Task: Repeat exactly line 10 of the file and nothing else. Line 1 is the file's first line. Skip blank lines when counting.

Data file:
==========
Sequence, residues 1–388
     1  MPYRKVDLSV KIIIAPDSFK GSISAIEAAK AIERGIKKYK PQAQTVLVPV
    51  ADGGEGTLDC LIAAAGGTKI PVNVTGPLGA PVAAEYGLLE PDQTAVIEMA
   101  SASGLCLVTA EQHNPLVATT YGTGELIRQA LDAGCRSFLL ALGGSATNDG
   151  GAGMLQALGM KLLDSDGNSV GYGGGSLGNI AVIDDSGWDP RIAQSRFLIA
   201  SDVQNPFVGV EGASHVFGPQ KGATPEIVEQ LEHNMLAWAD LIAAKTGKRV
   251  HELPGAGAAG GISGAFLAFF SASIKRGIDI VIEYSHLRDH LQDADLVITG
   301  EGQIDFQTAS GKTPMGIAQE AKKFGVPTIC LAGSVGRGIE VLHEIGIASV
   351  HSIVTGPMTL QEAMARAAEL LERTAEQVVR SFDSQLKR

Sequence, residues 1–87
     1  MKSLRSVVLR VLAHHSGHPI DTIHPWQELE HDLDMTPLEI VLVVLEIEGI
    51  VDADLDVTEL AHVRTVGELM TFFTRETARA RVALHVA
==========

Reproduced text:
Sequence, residues 1–87